CeBIT: Four U.S. Companies Among 50 Finalists in Innovation Contest
NEWS ANALYSIS: The Code _n contest identified 50 finalists vying for awards at CeBIT as top innovators in sustainability and energy savings. But what constitutes innovation?HANNOVER, Germany—One of the much-anticipated events at the CeBIT show in Hannover is the presentation of the Code _n awards. Unfortunately, I've never actually seen this presentation because it takes place on the final day of the show—long after I've returned to Washington. But I'm not sure it matters very much who wins, although the winner does stand to win a quarter of a million euros in crowd-sourced funding. The real question is whether these seemingly prestigious awards are really rewarding innovation. After a visit to the spot at this vast trade show where the finalists show their wares, I have to wonder if the definition of innovation has changed. Four of the finalists in this global competition are from the U.S. Although it's safe to say that the ideas are interesting, just how innovative they are is another question. One of the four is the Elf, from Organic Transit in Durham, N.C. The Elf is a delivery or commuting cycle with electric assist. In other words, when the going gets tough, the Elf gets some help with an electric motor and battery. The Elf has solar cells on its roof to help charge the battery. It's marketed as a transit solution that also helps your overall level of fitness.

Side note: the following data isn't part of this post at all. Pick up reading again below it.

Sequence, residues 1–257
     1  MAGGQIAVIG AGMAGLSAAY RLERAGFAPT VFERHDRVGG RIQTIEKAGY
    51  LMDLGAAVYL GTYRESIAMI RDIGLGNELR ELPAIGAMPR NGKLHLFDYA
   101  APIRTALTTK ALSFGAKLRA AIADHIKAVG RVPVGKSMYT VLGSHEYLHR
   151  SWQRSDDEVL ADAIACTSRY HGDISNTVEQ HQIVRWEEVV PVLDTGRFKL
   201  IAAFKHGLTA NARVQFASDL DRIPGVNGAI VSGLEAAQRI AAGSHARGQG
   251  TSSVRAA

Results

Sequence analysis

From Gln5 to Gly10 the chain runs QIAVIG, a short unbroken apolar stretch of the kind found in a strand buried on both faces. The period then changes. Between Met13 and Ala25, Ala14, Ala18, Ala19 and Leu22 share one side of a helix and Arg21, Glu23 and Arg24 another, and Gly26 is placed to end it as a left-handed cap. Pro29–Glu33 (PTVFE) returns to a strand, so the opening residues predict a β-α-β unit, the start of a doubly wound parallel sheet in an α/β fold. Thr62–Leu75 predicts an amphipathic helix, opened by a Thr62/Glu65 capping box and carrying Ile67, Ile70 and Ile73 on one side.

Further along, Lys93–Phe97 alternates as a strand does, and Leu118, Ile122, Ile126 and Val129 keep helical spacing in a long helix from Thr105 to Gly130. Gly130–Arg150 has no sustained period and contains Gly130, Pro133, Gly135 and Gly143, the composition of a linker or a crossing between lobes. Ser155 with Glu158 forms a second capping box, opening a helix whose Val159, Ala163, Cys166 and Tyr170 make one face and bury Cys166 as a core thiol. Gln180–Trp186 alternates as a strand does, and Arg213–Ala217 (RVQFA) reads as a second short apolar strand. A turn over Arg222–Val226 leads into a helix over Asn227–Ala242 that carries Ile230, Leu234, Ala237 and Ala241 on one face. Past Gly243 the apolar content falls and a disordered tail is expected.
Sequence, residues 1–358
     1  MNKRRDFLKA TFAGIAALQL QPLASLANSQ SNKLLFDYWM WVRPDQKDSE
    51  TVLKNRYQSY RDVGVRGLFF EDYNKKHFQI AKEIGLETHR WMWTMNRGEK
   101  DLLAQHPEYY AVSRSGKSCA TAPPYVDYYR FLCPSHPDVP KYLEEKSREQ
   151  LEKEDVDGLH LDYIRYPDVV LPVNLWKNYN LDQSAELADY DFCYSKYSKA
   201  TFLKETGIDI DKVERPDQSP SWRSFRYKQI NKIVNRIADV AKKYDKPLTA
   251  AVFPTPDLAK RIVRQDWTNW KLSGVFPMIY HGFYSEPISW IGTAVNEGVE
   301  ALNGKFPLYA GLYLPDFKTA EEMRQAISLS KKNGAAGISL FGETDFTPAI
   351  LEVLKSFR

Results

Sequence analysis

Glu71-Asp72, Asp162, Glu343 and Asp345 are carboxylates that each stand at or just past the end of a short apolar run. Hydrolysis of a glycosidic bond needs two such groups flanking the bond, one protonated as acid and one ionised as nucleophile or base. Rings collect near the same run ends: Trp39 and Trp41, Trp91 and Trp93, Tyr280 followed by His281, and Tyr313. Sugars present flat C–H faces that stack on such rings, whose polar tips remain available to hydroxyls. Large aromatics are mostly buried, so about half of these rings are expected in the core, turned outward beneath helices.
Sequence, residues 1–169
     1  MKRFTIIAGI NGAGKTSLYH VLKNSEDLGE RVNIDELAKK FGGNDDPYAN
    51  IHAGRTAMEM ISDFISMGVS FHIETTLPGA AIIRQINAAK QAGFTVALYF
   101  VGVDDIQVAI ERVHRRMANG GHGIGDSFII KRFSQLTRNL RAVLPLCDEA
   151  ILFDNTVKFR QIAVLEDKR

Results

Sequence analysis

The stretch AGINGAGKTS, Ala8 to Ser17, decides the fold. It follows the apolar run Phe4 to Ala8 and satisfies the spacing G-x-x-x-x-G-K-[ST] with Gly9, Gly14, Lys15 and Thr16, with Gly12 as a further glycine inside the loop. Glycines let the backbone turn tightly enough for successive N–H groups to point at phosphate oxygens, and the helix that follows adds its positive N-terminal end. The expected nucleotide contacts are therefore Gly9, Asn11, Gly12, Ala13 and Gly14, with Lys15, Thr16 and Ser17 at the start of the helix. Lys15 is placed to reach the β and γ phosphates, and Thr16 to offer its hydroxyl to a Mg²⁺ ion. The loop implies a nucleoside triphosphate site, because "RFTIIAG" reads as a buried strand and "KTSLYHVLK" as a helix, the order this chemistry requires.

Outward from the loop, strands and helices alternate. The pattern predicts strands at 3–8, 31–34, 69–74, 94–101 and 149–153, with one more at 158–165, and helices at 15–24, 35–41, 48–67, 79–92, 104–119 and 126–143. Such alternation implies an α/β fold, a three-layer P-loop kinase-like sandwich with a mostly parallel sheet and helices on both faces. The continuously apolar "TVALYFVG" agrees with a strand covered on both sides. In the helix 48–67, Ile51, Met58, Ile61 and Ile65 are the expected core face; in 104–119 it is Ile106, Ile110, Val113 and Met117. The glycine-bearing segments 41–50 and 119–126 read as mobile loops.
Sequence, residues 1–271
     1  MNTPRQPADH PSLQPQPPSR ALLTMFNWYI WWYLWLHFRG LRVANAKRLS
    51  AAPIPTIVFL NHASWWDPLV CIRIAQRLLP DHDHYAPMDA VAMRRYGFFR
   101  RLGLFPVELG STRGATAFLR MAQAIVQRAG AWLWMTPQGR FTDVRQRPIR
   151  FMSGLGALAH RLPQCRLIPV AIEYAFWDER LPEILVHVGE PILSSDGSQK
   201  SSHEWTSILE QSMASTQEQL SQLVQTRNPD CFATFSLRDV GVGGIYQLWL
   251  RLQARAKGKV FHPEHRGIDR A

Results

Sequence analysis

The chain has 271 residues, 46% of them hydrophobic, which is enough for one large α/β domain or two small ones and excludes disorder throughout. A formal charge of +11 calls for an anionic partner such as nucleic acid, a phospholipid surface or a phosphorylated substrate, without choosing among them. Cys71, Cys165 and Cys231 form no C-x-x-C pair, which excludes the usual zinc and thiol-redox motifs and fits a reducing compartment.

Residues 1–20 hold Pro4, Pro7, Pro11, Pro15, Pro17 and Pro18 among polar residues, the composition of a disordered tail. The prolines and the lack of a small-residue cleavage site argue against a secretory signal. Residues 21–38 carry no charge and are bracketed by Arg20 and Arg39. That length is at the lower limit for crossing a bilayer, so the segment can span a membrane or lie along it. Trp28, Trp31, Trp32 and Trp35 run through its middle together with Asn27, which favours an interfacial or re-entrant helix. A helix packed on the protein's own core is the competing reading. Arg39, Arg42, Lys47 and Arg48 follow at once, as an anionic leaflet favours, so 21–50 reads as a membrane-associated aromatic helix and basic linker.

Another finalist, the PICOwatt from Tenrehte Technologies, is a WiFi-enabled device that plugs into your wall outlet. You then plug other devices, such as computers or television sets into that. The PICOwatt device has its own Web page that lets you examine how much power your devices are consuming, even while they're turned off.